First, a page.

The aim of this thesis is to investigate into the work of one of the greatest authors of detective genre, Agatha Christie, also called “the queen of death” or “the queen of crime fiction”. The thesis focuses particularly on the female protagonists in her novels through examination and close reading of some of her selected literary works. The aim is to find the ideal model or prototype of a conservative woman and to prove that generally all main female characters, however independent they are, find solace and happiness in traditional values, including marriage, family life, motherhood, etc.

Many main protagonists in her work are women from various social backgrounds, with various social roles and professions; from housewives, spinsters to beautiful actresses, women artists, courageous young adventuresses, or practical and successful business women from high society circles. Maybe we can divide them into two general very simplified categories: those female characters that have no own identity, only through being the wives of their husbands, and those women who are independent and are seen as equal to male characters or a serious competition for them. Women in Christie's novels often cross the lines between these two categories. Female characters can be murderers as likely as male protagonists. Even one of the Christie's most famous detectives, an amateur sleuth Jane Marple, is a woman, solving the mysteries on her own relying on her own wits.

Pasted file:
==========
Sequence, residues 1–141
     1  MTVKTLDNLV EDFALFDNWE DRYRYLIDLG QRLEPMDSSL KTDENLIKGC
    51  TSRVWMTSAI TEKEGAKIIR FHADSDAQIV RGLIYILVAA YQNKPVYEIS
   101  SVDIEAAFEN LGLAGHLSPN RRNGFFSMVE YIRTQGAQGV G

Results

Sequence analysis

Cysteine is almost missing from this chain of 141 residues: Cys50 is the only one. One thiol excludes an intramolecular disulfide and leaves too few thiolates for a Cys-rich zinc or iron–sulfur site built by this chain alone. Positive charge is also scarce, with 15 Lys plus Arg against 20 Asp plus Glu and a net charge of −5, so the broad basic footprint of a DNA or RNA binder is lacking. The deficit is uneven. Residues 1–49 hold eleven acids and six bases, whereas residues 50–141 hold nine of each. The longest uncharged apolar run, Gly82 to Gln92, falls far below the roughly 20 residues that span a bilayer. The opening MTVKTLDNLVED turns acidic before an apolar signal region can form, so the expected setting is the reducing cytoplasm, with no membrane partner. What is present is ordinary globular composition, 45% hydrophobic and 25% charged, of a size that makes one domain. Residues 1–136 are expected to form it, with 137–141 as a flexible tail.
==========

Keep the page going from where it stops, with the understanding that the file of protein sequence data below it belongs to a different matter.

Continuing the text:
“General studies tend to emphasise the ideological element in crime fiction or its sociological insight” (Merrill). Considering this fact, in finding the ideal prototype of a conservative woman, the thesis also examines Christie´s political views, since Agatha Christie is considered a conservative thinker and author, and tries to find relations between her opinions and the depiction of women in her work. Another critic, Johan Harri, tells about Agatha Christie that: “I believe that the great unappreciated aspect of her work is that she was an intensely and relentlessly political thinker“ (Harri). She often expresses her dislike with totalitarian regimes or ideologies of any kind, for example with Nazis in her Passenger to Frankfurt or for Bolshevism in The Secret Adversary and she also mocks exalted idealists, who become victims of totalitarianism. She is suspicious towards new modern young generation and she longs for old school traditional conservative values. Therefore Christie creates characters that are reinventing existing social classes into something modern but still acceptable for the old conservative generation. Rather than pure literary analysis, this thesis should comprise also a certain sociological aspect.